A History of Eggplant Parmesan

Eggplant Parmesan, parmigiana di melanzane in Italian, is one of the classic preparations of southern Italy. It is a preparation associated with the cooking of Naples, but it is popular in the Campanian countryside and Calabria and Sicily too. Eggplant Parmesan is a casserole dish made by slicing eggplant thinly and frying it in olive oil. Some cooks dip the eggplant slices in batter or egg before frying, some just fry it, and many flour it first and fry it, while others more concerned with making the dish light, will bake or grill the eggplant slices. The eggplant is layered successively in a baking casserole with tomato sauce, mozzarella cheese, parmigiano cheese, basil, and hard-boiled egg slices.

There are several theories about the origin of eggplant Parmesan. The most obvious is that the name of the dish derives from parmigiano cheese, the predominate cheese used in the dish. Many food writers have voiced suspicion of this explanation because parmigiano is not native to Naples or other regions of southern Italy where eggplant Parmesan is found. They argue that, in fact, the dish originates in Parma in northern Italy, because either Parmesan refers to the city of Parma (which it does) or because the Parmesan cheese is from Parma (which it is).

I’ve never been persuaded by this line of thinking because from at least the fourteenth century parmigiano was a widely traded cheese and found throughout Italy. Furthermore, the eggplant made it’s first appearance in Italy in Sicily and the southern regions, not in the north and it’s likely that a dish for eggplant would be invented in the south. Second, the dish is famous in the Campania region in general, Naples in particular, as well as in Sicily and Calabria and not in Parma.

Another suggestion concerning the origin of the dish is offered by the Sicilian food authority Pino Correnti who argues that the word parmigiano actually comes from damigiana, a sleeve made of wicker where you put a wine bottle, or in this case, the hot casserole. Another explanation to the origin of the name of this dish is reported by cookbook authors Mary Taylor Simeti, Vincent Schiavelli, and several others. They suggest that the name has nothing to do with parmigiano cheese or Parma the city, but derives from the Sicilian palmigiana not parmigiana, meaning “shutters,” the louvered panes of shutters or palm-thatched roofs that the layered eggplant slices are meant to resemble. Simeti suggests that since the Sicilian have a “probrem” pronouncing the “l” it became parmigiana. Another Sicilian food writer, Franca Colonna Romano Apostolo, suggests that the name is parmiciana, the equivalent in Sicilian dialect to “Persian,” and not parmigiano, a cheese that is not important to the original dish.  These are speculative suggestions not supported by the evidence.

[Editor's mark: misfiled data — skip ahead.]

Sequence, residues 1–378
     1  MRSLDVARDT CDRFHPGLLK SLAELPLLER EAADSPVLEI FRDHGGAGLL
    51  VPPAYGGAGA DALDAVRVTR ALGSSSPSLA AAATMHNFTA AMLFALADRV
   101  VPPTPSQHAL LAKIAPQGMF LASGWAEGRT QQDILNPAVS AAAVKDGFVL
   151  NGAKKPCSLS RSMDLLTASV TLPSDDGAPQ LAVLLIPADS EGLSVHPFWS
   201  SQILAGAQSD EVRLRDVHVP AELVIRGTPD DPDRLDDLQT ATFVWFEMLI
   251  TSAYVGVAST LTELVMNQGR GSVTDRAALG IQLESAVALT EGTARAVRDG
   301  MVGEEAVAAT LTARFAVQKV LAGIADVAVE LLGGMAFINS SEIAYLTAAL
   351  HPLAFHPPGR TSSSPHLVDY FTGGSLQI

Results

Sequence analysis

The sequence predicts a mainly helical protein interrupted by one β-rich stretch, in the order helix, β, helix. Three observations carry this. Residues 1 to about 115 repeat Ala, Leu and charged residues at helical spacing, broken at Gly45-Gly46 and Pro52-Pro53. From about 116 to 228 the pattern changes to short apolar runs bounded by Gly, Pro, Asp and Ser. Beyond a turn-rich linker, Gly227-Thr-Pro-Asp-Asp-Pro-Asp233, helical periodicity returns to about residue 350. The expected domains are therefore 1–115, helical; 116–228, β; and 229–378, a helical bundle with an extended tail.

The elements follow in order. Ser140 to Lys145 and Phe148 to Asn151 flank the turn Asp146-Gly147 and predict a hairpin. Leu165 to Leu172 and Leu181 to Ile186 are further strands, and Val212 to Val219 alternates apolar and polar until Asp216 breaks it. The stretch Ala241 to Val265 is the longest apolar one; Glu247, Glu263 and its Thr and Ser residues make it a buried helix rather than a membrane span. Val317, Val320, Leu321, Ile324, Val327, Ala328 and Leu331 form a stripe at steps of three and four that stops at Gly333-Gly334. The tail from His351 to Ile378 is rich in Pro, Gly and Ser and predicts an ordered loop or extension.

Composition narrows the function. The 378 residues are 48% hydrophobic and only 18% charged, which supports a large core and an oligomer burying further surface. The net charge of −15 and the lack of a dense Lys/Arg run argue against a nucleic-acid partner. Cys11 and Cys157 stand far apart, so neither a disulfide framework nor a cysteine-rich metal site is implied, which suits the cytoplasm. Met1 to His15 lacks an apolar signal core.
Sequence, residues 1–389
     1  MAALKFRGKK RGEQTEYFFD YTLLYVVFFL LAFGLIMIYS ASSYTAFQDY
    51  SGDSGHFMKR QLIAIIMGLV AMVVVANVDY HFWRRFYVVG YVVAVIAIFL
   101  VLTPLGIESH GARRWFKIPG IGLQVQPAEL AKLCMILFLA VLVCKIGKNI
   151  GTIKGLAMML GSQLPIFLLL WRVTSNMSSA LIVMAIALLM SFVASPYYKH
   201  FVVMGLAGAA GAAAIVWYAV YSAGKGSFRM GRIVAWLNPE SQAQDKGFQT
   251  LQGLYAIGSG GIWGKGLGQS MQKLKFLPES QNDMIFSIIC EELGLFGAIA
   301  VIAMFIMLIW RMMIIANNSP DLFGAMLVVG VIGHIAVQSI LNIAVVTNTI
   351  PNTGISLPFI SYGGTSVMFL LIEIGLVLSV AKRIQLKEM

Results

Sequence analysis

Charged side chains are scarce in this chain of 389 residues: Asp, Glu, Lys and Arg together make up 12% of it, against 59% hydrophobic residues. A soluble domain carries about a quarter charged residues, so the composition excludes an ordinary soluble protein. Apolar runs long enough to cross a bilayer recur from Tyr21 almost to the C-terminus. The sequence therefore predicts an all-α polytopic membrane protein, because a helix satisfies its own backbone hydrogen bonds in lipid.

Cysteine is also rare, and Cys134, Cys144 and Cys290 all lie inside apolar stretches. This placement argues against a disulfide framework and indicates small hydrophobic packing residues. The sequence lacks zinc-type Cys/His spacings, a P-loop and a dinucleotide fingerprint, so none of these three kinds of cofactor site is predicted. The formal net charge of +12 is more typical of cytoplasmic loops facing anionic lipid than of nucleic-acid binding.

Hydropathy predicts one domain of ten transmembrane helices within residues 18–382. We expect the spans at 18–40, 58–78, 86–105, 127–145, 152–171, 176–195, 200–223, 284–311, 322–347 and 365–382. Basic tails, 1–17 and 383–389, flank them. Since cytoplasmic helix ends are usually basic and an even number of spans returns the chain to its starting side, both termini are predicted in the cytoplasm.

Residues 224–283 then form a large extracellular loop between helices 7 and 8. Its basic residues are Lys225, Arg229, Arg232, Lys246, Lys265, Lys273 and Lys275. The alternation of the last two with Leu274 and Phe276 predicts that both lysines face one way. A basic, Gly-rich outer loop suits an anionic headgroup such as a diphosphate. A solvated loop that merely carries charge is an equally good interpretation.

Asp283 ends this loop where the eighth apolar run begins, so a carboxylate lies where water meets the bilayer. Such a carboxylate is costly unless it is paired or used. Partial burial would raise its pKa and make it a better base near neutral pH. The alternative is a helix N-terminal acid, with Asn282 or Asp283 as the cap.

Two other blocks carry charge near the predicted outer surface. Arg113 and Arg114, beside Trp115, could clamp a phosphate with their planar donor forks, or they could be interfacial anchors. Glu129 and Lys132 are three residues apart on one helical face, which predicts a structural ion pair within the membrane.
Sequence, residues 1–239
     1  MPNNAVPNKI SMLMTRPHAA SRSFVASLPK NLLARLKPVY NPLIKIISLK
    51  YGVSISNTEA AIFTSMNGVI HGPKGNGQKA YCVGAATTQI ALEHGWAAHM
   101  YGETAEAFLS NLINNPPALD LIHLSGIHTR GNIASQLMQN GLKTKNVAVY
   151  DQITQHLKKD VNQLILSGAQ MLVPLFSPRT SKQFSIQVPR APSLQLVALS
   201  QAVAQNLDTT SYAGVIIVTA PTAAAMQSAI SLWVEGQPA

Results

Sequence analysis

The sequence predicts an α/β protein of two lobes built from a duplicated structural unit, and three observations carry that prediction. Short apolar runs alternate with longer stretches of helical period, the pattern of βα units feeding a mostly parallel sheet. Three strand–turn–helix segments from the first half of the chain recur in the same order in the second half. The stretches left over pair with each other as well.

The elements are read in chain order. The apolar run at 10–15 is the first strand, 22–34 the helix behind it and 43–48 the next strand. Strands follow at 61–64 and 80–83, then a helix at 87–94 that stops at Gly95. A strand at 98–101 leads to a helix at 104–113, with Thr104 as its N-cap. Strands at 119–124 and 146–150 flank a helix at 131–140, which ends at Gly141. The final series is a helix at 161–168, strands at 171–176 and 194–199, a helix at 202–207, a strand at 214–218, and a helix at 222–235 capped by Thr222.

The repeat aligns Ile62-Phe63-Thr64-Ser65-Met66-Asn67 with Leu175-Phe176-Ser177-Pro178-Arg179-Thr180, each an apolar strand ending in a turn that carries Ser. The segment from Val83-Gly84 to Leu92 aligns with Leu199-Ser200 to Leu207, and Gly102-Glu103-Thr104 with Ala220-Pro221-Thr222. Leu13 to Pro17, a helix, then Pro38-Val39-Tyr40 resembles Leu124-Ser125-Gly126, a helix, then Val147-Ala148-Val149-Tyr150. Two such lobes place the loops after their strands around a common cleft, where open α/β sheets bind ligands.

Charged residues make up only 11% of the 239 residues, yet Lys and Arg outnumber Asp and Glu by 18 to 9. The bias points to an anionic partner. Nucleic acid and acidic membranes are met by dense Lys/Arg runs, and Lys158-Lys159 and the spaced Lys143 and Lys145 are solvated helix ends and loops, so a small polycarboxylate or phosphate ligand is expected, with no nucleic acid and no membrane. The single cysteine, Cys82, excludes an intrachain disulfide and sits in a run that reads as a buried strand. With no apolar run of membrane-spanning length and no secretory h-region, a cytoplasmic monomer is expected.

Let’s dig a little deeper here. The first mention of something resembling an eggplant parmesan is from Il saporetto by Simone Prudenzani (1387-1440), where the recipe refers to parmigiano cheese. Prudenzani was from Orvieto and his Il saporetto is a rhyming poem about food and not a cookbook. But foods are mentioned including “parmisciana.” The eighteenth-century Neapolitan chef Vincenzo Corrado mentions in his book Il cuoco galante published in 1786, that eggplant can be cooked alla Parmegiana, meaning the eggplant was seasoned with butter, herbs, cinnamon and other spices and grated parmigiano cheese and covered with a cream sauce made with egg yolks before being oven-baked.

I believe the version we know today, with its parmesan cheese and tomato ragu first appears in print in Ippolito Cavalcanti’s Cucina teorico-pratica published in Naples in 1837. Given that Corrado’s recipe was published in 1786, this isn’t a huge amount of time, so it looks like it sprung into existence in Naples in the intervening time, which is incidentally the time that tomatoes were becoming more popular for the first time in Italy.


(Photo: Riziculture in the delta of the Ebre river in Spain, futura-sciences.com)

The Arabs had established riziculture very early on in Spain and were exporting it from Sicily by the tenth century. Traders could find rice in Levantine ports and fourteenth century Majorcan rice was sold at fairs in Champagne. In Venice, a deliberation of the Council of Ten in July 7, 1533, exempts rice from an excise tax because it takes the place of vegetables. The Provencal writer Quiqueran de Beaujeu wrote in 1551 of riziculture in Provence. One can’t help but notice that rice was being eaten in Europe before the development of riziculture on the Lombardian plains. The fourteenth-century cookery manuscript known as the Libro per cuoco by an anonymous Venetian gives a recipe, rixo in bona manera--that is, a kind of porridge of rice cooked in almond milk with sugar. In Italy, a person who laughed easily was said to have eaten rice soup, a play on words: che aveva mangiato la minestra di riso (he had eaten laughter/rice soup).